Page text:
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VIDEO: Brighton Festival will provide children with an 'alternative education'
This year’s Brighton Festival will aim to fill the gap in arts education that schools are leaving open.
Speaking at the launch yesterday, guest director Michael Rosen said youngsters were missing out on arts lessons at school because teachers consider them less important.
He said: “Because of what we do to children in education, we treat them as people on conveyor belts – certain things are being put onto them like making a Ford car.
“There’s a special role for children in the arts. We deprive them of the right to look at their own lives. The arts is an important way of doing that.
“At primary school and secondary school you see children get excited by arts, but there’s always something more important to do – usually a worksheet.”
The author and former Children’s Laureate was joined at the Brighton Dome launch by Guardian columnist and Festival chair Polly Toynbee along with chief executive Andrew Comben.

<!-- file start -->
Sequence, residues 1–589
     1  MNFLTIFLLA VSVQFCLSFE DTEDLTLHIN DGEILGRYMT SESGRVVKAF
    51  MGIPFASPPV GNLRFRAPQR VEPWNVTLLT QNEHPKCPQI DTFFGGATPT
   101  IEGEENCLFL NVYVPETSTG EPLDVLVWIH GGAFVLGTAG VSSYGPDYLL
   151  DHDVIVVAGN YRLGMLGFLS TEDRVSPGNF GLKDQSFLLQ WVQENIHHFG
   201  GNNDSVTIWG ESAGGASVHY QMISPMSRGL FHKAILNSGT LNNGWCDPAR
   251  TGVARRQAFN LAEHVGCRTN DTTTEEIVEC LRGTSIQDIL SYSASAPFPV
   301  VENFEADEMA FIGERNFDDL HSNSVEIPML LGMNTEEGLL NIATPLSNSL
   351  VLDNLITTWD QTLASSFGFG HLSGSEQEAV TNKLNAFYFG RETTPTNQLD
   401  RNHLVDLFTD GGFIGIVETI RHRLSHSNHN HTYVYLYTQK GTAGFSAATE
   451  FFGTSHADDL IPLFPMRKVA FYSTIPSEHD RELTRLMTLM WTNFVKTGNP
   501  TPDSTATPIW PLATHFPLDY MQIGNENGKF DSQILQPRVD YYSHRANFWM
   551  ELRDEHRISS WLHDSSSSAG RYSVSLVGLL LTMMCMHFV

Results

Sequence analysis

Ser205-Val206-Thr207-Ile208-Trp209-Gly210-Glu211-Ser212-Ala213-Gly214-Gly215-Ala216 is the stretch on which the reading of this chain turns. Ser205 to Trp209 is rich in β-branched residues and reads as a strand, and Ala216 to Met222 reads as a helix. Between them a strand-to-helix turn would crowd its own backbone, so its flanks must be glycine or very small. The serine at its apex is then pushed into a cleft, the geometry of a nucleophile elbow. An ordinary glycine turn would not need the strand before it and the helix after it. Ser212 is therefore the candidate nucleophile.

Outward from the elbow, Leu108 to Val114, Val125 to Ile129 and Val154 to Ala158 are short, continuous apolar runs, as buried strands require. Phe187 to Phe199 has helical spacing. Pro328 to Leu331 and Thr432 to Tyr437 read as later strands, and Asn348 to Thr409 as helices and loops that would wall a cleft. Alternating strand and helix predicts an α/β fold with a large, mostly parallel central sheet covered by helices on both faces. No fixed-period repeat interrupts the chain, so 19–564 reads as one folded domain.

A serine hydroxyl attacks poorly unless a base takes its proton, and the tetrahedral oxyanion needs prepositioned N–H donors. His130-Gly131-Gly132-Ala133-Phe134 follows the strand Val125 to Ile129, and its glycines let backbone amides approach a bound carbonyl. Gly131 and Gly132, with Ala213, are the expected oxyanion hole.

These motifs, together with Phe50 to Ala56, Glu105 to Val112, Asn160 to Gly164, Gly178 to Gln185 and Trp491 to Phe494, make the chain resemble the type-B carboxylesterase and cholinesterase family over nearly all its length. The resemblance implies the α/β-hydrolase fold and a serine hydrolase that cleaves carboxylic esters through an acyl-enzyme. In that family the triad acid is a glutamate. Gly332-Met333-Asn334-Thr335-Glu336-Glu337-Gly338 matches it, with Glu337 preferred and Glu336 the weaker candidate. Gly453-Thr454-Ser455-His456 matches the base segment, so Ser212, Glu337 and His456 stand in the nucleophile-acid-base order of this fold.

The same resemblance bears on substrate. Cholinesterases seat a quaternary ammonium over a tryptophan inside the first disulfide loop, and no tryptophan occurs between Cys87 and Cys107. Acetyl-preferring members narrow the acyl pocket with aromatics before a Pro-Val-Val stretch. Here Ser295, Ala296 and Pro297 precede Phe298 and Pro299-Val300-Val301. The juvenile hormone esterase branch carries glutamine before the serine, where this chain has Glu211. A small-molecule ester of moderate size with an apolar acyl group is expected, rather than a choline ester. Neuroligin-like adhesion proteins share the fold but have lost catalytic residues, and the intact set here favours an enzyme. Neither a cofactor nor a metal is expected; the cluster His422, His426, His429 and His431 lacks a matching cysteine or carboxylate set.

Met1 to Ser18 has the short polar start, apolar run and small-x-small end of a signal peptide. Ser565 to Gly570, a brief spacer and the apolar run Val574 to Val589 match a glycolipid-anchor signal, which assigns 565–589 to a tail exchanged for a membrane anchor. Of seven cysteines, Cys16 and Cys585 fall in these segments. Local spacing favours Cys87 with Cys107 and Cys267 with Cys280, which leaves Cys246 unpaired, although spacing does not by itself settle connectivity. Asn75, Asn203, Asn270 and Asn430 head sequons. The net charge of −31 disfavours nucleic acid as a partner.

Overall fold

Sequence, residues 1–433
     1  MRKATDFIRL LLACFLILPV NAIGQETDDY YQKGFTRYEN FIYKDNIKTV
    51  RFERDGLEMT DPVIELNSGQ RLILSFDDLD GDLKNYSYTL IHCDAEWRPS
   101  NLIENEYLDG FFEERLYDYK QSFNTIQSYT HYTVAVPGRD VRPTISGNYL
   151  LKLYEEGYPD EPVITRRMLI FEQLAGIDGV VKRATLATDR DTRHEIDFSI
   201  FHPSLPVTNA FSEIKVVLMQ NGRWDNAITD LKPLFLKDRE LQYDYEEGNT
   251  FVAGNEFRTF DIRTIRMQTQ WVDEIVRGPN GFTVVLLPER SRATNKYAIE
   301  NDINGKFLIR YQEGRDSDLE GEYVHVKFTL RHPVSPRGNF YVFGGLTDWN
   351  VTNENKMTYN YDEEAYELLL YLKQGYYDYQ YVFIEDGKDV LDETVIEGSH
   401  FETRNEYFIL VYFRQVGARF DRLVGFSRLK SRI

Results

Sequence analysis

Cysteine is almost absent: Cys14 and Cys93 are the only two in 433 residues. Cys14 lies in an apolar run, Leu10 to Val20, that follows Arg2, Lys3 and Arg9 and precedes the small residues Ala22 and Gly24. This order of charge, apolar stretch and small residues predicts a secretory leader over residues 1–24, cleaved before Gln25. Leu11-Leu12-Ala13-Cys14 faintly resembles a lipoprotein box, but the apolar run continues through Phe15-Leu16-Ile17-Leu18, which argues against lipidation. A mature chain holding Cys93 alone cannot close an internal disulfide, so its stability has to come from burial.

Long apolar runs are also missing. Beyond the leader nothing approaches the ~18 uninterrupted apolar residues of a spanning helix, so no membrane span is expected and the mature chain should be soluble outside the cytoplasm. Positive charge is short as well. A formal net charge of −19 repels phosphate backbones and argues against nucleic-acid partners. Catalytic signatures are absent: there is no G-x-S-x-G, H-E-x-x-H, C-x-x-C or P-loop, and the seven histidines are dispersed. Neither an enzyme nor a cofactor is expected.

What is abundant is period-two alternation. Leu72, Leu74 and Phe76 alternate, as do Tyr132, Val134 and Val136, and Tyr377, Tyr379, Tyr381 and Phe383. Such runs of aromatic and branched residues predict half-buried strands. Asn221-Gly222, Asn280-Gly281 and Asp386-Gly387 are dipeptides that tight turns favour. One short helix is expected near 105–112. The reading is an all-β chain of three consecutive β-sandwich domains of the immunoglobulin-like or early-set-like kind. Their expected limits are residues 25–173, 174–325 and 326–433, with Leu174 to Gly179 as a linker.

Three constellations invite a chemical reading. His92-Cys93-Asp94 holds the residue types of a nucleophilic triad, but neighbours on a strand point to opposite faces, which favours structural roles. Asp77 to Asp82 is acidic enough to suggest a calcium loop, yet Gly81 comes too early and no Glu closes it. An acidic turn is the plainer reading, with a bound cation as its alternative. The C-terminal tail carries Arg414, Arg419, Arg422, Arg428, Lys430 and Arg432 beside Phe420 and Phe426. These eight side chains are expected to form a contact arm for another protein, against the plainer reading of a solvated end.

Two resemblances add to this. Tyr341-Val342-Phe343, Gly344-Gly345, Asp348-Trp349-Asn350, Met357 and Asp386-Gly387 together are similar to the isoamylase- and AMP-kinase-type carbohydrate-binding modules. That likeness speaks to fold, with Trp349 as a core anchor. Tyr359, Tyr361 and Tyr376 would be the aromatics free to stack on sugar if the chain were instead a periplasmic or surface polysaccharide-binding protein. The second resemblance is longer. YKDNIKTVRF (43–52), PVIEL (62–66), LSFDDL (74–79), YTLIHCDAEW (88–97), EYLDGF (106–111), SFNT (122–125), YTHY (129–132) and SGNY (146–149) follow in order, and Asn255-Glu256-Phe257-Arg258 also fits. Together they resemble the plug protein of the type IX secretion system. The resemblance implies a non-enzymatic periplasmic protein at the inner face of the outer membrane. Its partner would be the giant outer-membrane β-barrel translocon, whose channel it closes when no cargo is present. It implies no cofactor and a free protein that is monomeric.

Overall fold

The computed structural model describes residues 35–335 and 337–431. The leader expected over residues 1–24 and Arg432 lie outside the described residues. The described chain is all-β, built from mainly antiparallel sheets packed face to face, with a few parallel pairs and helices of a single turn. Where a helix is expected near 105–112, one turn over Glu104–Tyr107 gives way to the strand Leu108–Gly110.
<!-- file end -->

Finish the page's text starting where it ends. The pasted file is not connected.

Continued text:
The trio introduced the May event with a video recital of Rosen’s famous poem We’re Going on a Bear Hunt with cameos from mayor Bill Randall, Albion chief executive Paul Barber and The Argus features team.
The assembled regional and national media were then given a sneak preview of the programme’s 154 events.
Mr Rosen said: “I have always loved festivals – I’ve been to them and tried to participate in them.
“If you hold a festival there’s a concentration of energy and attention across the scope of a city.
“It’s like an informal college or university – but for everyone.
“I’m a passionate believer that knowledge and the arts are for everybody.”
The author highlighted some of the events he is involved with, including The Great Enormo.
Billed as a youngster’s introduction to the orchestra, the event will kick off the three-week festival from May 4 to 26.
The author and a full orchestra will create a new piece of music with the help of the audience.
He will also hold an “in conversation” with legendary children’s author Judith Kerr as well as a number of readings.
Don’t miss The Argus on Friday for an exclusive copy of this year’s Festival programme.
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